While 15 percent is not a huge number, it's more than enough to swing an election. For comparison, Enten notes, Hispanic voters for Hillary Clinton in the 2016 general election accounted for just 12 percent of her vote. And in the GOP primaries, Trump won only 45 percent of Republican support, a figure that makes 15 percent look pretty crucial.
Of course, it's not as if Bannon could simply command these voters to drop Trump, but he is positioned to significantly influence their assessment of Trump's service come 2020. Bonnie Kristian
If President Trump follows through with his threat to end ObamaCare subsidy payments, health premiums and the federal deficit would soar, the non-partisan Congressional Budget Office said Tuesday. The CBO found that halting the ObamaCare cost-sharing reduction payments, which compensate insurers for curbing out-of-pocket costs for low-income ObamaCare enrollees, would drive up the federal deficit by $194 billion over the next decade. Premiums would jump 20 percent by next year and 25 percent by 2020.
The number of uninsured Americans would increase by 1 million in 2018 as some insurers may pull out of the marketplaces, the CBO found, but by 2020, there would actually be 1 million fewer uninsured people after the markets adjusted and insurers re-entered the marketplace. Five percent of Americans would have no insurers in 2018, though that would likely be resolved by 2020.
The analysis was completed at the behest of House Democrats, who are concerned about Trump's looming threat to stop funding these payments. It's not entirely clear what Trump will do, however, as his administration has continued to make the payments despite his threats otherwise.
22 million more would be uninsired under the Senate health bill than ObamaCare. That's the entire population of these 17 states combined.
On Monday, the nonpartisan Congressional Budget Office released its appraisal of Senate Republicans' health-care bill, dubbed the Better Care Reconciliation Act. The CBO estimated that were the BCRA to become law, 22 million more people would be uninsured by 2026 than if ObamaCare were to remain the law of the land.
As ProPublica's Charles Ornstein pointed out, that's effectively the populations of these 17 U.S. states combined:
The increase in the number of uninsured is the population of KS, NM, NE, WV, ID, HI, NH, ME, RI, MT, DE, SD, ND, AK, VT, WY, DC--combined.
— Charles Ornstein (@charlesornstein) June 26, 2017
The Senate's bill does make out slightly ahead of the bill House Republicans passed early last month, which the CBO estimated would result in 23 million more uninsured by 2026 than ObamaCare.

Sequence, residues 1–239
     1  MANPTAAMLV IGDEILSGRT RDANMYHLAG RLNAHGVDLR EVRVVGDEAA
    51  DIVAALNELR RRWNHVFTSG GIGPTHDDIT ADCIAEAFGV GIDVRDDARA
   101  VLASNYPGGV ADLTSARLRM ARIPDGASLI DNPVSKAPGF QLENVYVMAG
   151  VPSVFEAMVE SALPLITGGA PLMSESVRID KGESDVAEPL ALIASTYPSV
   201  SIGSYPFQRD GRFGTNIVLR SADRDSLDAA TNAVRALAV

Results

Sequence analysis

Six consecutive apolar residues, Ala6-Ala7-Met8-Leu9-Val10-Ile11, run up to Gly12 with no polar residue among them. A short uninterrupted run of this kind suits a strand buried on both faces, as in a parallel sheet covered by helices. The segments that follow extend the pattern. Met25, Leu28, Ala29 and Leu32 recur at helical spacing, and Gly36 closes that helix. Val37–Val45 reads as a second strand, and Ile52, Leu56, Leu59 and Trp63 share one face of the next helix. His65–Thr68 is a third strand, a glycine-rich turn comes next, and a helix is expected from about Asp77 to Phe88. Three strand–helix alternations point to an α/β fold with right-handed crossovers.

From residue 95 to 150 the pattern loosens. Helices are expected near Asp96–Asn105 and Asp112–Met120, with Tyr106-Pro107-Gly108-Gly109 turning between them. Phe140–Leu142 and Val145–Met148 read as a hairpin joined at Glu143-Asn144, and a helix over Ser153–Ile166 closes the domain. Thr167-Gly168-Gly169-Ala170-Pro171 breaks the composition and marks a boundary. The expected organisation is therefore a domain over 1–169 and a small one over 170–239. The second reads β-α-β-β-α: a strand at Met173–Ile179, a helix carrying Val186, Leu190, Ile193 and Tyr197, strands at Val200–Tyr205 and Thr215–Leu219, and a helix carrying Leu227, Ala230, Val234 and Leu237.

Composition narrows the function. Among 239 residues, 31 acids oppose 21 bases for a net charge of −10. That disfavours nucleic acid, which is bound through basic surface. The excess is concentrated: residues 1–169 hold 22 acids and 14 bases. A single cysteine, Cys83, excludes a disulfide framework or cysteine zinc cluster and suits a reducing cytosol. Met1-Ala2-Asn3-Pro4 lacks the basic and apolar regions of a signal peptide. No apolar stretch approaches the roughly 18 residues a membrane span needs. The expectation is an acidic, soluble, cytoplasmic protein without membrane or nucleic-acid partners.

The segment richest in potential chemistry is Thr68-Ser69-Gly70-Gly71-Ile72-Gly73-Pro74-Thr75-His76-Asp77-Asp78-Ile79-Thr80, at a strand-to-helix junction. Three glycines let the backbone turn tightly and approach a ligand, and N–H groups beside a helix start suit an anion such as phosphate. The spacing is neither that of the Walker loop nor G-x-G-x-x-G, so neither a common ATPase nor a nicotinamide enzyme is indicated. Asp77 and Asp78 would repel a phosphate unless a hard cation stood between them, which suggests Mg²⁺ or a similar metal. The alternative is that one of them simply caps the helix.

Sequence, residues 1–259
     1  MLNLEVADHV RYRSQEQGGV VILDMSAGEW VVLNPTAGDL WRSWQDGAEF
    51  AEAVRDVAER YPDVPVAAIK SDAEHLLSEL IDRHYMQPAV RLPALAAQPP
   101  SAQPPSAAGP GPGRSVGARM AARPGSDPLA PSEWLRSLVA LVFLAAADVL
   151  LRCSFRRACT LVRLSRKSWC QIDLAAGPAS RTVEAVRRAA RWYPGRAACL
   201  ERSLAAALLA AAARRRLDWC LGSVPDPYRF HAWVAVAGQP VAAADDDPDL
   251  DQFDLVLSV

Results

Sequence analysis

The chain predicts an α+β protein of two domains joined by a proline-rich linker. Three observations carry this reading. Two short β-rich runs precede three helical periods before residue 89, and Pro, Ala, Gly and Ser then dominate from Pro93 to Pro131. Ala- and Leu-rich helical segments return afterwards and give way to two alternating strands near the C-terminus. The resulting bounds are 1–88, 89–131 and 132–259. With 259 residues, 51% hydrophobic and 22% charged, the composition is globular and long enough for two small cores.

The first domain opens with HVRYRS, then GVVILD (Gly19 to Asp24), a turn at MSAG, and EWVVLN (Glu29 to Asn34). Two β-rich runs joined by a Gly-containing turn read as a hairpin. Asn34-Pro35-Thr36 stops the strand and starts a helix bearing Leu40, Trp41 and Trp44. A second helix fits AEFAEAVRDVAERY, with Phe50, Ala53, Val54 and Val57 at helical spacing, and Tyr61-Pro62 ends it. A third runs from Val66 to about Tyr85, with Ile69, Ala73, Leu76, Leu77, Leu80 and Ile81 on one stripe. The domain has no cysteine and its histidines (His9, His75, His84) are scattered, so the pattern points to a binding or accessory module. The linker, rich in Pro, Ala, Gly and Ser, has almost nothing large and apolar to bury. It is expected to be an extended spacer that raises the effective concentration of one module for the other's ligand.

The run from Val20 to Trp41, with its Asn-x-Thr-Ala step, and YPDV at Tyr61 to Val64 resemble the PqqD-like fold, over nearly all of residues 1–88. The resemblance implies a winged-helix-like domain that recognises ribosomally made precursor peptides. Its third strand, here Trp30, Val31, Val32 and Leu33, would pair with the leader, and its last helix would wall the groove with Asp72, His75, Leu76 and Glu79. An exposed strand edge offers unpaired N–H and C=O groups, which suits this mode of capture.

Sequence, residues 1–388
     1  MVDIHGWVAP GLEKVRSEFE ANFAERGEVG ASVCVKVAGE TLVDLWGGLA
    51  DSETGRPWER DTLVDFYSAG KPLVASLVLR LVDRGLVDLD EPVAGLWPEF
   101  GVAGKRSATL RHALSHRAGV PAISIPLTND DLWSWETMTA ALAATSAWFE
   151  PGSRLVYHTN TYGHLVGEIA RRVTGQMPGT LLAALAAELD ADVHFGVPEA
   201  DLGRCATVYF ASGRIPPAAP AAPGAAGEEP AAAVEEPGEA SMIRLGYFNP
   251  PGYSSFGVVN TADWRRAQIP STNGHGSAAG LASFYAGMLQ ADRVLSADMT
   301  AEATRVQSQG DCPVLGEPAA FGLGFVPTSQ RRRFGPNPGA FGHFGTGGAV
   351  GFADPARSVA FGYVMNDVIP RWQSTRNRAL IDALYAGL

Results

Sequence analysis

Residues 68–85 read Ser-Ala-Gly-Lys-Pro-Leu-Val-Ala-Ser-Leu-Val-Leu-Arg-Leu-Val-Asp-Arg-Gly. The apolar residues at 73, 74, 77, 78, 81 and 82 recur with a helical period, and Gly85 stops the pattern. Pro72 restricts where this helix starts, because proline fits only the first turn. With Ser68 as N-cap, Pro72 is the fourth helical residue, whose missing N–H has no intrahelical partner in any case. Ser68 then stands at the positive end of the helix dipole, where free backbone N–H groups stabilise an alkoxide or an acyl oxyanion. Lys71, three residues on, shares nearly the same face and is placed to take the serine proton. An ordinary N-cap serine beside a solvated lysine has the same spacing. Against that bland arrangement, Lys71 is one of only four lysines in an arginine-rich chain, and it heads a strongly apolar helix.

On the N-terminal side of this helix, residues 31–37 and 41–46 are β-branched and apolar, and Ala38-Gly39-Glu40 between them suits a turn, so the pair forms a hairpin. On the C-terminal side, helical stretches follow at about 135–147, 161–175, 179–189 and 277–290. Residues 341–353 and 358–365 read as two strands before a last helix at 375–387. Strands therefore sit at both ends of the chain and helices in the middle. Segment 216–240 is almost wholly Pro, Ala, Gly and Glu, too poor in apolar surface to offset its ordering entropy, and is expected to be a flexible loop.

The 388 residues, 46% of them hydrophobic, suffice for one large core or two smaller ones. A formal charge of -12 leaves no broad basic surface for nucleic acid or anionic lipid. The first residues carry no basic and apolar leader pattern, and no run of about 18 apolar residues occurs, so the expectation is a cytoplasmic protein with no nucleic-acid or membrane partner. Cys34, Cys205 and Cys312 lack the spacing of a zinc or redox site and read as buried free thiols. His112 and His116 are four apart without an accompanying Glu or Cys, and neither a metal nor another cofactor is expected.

Trump's travel ban is stuck in court. But visits from the targeted Muslim-majority countries are dropping anyway.
The number of nonimmigrant visas issued to people in Muslim-majority countries declined steeply in April, Politico reported after analyzing data posted this week by the State Department. In nearly 50 Muslim-majority countries, 20 percent fewer nonimmigrant visas were issued in April compared to the monthly average issued in 2016. These drop-offs were noted in spite of the fact that President Trump's immigration executive order, which temporarily bans travel from multiple Muslim-majority countries, is held up in court.
In the six countries — Iran, Syria, Sudan, Somalia, Libya, and Yemen — affected by Trump's second immigration executive order, the number of nonimmigrant visas plummeted 55 percent in April compared to last year's averages. In just Arab countries, nonimmigrant visas dropped almost 30 percent in April.
William Cocks, a spokesperson for the State Department's Bureau of Consular Affairs, argued that visa demand "is cyclical" and "not uniform throughout the year," but three immigration experts told Politico the declines likely weren't purely coincidental. "Some people may have canceled trips," said immigration lawyer Stephen Pattison. "Some people may have traveled last year but not this year. But I think it would be naive to assume that’s what's going on in Washington isn't having an effect on consular adjudications."
The State Department did not publish the number of visa applications submitted or rejected, so Politico was unable to extrapolate whether the drops were because the U.S. government is denying more visa applicants, or because fewer people want to visit Trump's America.